The "Mystery Science Theater 3000" star works away on new projects in a southern burb, where he sometimes goes to the public library to write. We won’t say which one, so he can get some work done.
Bill Corbett is not one of those famous local guys whose mug beams with all available teeth from the cover of People. You might not recognize Bill unless he was painted gold and had bisected bowling pins for a mouth: He was Crow T. Robot in the latter seasons of the brilliant TV show “Mystery Science Theater 3000,” as well as Brain Guy — and he co-wrote the show, too.
He’s currently working on a play called “Hate Mail,” which received a New York reading this weekend by John Slattery (“Mad Men”) and Cynthia Nixon (“Sex and the City”). He also writes and performs with Rifftrax.com, an online version of “MST3K.” Bill lives here in a southern burb, where he sometimes goes to the public library to write. We won’t say which one, so he can get some work done.
You’re a funny guy! Be funny now. No, that’s unfair. How about you tell us whether Minnesotans are funny.
“I think there is Minnesota sense of humor, sort of dry and good natured, not particularly mean-spirited as a rule. But I bring the mean to Minnesota.”
So you’re not from here?
“I’m from New York — born and raised in Brooklyn, went to college out East, went to grad school out East. I came here in 1990 for writing fellowship, ended up at the Guthrie. I knew little to nothing about Minnesota except this was the mythical land of Mary Tyler Moore. And the Twins. Who are not mythical, of course.”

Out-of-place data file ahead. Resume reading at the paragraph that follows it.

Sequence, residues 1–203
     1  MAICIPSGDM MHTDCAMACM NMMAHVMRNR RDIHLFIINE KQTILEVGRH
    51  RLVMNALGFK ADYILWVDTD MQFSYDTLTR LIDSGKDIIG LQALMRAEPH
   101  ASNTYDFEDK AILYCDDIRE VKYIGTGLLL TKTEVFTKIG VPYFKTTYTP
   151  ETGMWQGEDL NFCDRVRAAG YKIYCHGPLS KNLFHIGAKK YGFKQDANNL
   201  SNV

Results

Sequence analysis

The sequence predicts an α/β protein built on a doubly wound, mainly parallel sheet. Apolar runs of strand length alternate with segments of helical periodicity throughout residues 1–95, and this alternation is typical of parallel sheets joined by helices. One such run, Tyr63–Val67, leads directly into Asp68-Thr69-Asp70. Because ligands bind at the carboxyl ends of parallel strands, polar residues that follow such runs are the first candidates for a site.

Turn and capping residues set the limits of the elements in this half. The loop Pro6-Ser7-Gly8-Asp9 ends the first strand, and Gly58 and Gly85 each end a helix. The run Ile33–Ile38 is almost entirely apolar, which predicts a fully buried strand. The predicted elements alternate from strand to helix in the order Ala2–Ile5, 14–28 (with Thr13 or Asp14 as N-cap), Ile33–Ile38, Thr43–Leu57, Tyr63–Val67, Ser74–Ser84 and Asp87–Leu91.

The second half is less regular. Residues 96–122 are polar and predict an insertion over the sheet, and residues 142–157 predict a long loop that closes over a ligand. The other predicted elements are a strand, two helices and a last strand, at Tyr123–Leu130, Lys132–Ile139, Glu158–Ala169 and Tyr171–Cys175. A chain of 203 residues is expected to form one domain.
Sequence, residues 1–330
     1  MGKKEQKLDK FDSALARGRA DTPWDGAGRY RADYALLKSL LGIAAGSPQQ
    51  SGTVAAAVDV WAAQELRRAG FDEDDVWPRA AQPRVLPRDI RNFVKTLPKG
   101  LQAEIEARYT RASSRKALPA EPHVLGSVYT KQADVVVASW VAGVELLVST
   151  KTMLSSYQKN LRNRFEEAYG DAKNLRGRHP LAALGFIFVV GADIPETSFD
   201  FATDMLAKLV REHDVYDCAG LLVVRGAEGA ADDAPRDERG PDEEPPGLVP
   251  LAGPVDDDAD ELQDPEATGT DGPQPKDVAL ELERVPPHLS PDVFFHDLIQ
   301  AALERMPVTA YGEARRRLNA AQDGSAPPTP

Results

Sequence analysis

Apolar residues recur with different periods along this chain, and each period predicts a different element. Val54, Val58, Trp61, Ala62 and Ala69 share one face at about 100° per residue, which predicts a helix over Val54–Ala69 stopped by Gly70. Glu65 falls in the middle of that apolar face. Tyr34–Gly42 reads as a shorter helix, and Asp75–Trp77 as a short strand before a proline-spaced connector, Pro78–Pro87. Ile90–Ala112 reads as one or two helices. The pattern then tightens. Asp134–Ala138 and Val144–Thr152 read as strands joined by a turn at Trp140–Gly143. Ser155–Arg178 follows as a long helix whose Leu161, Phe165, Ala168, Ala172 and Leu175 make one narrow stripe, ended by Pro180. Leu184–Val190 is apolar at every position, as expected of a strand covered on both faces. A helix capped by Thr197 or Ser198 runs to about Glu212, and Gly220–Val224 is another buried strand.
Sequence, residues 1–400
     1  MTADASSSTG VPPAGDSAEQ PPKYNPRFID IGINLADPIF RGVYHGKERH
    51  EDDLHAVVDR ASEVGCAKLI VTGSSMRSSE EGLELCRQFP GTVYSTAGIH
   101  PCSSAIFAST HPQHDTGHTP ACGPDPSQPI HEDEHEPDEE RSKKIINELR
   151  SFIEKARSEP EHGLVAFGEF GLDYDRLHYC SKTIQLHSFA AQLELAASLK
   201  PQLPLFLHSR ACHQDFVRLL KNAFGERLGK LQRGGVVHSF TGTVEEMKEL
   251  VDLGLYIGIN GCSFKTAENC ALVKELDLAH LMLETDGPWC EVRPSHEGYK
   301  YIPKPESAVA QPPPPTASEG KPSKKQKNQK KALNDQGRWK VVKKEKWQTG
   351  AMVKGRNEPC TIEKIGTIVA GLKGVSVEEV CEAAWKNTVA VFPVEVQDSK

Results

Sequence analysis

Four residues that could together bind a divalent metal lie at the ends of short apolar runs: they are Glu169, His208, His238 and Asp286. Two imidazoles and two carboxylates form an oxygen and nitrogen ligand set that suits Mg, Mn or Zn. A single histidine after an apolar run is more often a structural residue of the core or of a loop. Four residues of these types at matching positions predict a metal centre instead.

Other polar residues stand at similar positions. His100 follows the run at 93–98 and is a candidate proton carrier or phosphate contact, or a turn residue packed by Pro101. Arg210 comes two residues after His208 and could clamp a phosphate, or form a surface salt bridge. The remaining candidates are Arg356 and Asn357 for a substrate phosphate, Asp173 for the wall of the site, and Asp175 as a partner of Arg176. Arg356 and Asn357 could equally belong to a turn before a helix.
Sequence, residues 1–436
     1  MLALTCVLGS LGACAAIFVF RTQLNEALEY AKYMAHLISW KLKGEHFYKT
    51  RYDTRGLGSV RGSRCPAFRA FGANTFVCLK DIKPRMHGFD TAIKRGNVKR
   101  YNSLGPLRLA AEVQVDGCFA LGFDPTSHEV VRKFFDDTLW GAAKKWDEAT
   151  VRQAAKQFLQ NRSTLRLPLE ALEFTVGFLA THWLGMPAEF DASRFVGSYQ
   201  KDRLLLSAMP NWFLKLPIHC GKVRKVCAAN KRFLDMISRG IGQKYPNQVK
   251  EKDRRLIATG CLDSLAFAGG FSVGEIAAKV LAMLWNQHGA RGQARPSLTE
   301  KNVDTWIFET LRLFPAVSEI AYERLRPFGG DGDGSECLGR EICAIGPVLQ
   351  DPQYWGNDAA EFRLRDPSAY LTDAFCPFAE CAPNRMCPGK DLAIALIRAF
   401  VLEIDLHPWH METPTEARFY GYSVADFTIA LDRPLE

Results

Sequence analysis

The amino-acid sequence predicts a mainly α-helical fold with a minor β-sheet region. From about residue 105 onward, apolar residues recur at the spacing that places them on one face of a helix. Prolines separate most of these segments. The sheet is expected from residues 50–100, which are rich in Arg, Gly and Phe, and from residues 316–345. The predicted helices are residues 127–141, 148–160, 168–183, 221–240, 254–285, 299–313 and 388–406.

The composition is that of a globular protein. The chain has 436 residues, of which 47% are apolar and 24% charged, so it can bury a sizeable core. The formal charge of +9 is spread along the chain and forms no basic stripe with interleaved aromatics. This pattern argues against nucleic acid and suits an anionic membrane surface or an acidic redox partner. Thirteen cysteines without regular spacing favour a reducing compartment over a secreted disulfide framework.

Was fitting in easy? Minnesotans can be nice but clannish.
“It helped that I was thrown into an institution — wait, that didn’t sound right. At the Guthrie I was around people who weren’t from here either, and that helped — but I found this a friendly place. Then you realize you’ve lived here a couple of decades, and you find yourself saying this is home.”
But you left for Los Angeles! We don’t like it when people get all famous and leave.
“When I sold my screenplay [Bill wrote 'Meet Dave,’ a 2008 Eddie Murphy movie], my wife and I thought of staying there, but decided no. We could never own a house there. We didn’t want to raise our kids there. I felt like there was a constant buzz and chatter of people trying to get things done. There’s a quote from a 19th-century writer about a big city: a great place to sell your apples, not grow them. It’s easier to work and write here. I always thought there was a reason why Mediterranean countries produced great painters, but not writers. Nordic countries, great writers, not so good painters.”
What would you change? No, wait, let me guess...
“I’d take off a month off in winter. (Laughs.) It’s such a cliché, I know. But I actually kind of like the extreme cold. It’s clear and it’s crisp on an extreme day in winter.”
If your kids grew up in LA, they might be status-addled Hollywood brats hanging out at the Viper Lounge; now they’re here, in the land of Well-Grounded Values. What do you think they’ll take away?
“Goodwill, good people, being a good neighbor and being outside in the elements! All the best parts of Minnesota. Would it be OK if they stayed here all their lives? Absolutely. (Leans forward, adopts an old man voice.) I want them to be happy.”